How To Innovate Like Google

Google made waves recently by introducing a new proprietary social media platform, aptly named Google+. It may have the look and feel of Facebook as of right now, but this wasn’t the focus of Forbes Blogger Quentin Hardy when he sat down to write about Google’s latest ideas. Instead, he decided to take a closer look at their office environment and how systemized innovation has allowed Google to become one of the most successful companies in the world.

As their executive chairman Eric Schmidt explains, Google has created an environment where all employees are asking why things are “the way they are, and wondering if they can be done in a different way.” And innovation wasn’t just a priority of the decision makers or their team members, either – it was everyone’s priority.

No matter what Google is doing, it is clear that they are doing something right and their “70/20/10 system” deserves some attention. While this mechanism cannot account for each and every one of Google successes, there are ideas about peak performance hidden within this construct, as well as Schmidt’s discussion of how Google does business, and some takeaway executive coaching lessons:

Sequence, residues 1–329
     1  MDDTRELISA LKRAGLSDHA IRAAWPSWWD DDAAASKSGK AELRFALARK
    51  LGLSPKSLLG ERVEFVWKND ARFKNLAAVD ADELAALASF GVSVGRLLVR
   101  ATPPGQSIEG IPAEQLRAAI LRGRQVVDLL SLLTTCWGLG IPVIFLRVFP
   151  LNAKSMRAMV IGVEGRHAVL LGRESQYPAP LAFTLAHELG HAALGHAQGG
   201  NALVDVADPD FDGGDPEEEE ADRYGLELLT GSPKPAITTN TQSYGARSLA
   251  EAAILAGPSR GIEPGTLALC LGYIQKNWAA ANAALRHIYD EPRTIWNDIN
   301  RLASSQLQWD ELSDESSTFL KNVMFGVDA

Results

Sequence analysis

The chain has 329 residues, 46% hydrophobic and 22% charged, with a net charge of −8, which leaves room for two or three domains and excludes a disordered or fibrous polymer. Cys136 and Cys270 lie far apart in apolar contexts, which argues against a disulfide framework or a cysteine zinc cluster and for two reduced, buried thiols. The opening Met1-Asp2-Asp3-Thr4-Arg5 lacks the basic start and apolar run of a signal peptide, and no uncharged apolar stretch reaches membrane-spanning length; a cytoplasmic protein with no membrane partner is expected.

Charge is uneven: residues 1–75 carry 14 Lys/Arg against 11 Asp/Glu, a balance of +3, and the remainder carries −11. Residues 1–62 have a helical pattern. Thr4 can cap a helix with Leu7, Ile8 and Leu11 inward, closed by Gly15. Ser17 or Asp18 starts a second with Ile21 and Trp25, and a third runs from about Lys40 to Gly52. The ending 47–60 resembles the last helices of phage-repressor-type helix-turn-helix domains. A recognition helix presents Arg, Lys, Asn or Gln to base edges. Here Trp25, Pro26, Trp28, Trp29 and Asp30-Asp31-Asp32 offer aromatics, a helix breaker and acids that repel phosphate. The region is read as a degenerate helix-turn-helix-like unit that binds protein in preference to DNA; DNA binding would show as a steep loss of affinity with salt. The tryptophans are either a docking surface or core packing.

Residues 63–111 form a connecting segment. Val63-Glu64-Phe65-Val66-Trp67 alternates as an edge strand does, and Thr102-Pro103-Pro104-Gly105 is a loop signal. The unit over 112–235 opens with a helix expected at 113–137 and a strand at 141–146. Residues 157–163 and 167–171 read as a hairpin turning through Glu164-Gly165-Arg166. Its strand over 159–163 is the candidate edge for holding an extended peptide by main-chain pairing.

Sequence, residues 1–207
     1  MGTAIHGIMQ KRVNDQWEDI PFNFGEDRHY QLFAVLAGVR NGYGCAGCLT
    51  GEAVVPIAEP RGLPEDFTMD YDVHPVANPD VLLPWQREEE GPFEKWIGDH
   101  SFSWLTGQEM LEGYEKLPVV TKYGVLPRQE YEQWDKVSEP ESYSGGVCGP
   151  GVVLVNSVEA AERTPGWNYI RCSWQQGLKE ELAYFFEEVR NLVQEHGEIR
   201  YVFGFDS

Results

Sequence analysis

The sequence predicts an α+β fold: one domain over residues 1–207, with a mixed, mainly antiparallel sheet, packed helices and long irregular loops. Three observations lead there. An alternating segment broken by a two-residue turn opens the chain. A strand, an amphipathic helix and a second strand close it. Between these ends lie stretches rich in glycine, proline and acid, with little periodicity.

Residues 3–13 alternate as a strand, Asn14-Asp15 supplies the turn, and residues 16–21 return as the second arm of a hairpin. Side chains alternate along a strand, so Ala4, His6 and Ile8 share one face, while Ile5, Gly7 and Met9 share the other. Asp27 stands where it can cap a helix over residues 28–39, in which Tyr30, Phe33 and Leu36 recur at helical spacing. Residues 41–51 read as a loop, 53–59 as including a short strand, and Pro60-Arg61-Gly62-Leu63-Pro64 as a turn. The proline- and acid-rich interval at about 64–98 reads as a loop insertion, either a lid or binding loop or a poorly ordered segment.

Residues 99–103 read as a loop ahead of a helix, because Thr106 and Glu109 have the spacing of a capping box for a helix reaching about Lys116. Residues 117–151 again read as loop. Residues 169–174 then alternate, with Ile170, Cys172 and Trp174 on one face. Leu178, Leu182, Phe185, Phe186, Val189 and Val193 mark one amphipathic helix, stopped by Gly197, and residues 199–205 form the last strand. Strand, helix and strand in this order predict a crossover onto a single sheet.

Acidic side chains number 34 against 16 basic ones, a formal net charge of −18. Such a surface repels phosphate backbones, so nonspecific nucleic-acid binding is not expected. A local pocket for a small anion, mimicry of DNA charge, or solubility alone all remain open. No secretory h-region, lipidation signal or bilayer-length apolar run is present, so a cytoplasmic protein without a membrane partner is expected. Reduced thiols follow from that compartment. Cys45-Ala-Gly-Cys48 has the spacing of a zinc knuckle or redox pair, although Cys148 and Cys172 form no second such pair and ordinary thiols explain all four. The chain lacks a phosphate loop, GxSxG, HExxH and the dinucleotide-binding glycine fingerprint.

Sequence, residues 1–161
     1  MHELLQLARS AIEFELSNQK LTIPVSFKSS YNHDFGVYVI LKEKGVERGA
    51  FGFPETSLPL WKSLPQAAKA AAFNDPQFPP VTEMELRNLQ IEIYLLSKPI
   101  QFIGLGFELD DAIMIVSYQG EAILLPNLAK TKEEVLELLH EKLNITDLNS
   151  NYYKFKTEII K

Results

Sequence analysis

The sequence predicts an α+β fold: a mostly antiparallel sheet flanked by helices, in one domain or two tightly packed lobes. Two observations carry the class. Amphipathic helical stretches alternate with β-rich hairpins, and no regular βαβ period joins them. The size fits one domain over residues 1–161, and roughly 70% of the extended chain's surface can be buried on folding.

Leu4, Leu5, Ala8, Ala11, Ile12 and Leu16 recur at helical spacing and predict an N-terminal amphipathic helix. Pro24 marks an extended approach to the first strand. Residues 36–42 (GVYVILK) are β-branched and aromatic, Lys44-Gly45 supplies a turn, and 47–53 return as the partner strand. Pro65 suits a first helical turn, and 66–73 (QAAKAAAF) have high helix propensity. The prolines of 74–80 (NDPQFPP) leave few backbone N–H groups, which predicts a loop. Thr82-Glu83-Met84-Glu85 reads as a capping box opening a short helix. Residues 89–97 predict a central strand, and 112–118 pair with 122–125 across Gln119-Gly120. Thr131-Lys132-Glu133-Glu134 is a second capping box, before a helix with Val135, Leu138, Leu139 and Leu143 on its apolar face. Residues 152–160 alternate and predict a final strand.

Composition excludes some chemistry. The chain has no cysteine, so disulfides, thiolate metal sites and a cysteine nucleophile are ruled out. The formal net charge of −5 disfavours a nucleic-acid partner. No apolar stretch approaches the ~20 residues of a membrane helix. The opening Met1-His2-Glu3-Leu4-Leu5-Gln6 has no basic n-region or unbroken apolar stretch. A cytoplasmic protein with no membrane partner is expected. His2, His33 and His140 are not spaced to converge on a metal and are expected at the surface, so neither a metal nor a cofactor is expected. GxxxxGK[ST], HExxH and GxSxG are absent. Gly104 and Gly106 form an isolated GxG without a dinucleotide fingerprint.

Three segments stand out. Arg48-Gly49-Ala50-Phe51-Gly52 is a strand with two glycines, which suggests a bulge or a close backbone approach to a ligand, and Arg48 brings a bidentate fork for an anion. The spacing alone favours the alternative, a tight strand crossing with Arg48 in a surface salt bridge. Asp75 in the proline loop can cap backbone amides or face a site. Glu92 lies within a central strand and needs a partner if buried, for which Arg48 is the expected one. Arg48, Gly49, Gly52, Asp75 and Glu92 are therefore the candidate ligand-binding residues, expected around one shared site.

• They have effectively balanced knowing what to expect from their employees and knowing when to challenge them. Walking this line is one of their keys to success.
  • Innovation needs to be a concern of each and every employee, not just decision-makers. You must lead by example.
  • There needs to be room for learning, experimentation and implementation. Commend and celebrate innovative ideas. Remember: not all ideas will be home-runs but this probing thought process should be encouraged nonetheless.
  • Embrace change. Do not cling to the old way of thinking. Do not fear a new process.
  • Change gears when working to complete a task. You should switch your focus every few hours to avoid weariness and lost productivity.
  • Encourage tinkering. Ideas should be evaluated and feedback should be given quickly and clearly.
  • Balance the energy of your workplace with a diverse group of employees. Find a happy medium when building your team. A youthful group can mean palpable energy, excitement and self-motivation while an older group can mean wisdom and experience.

What do you think?


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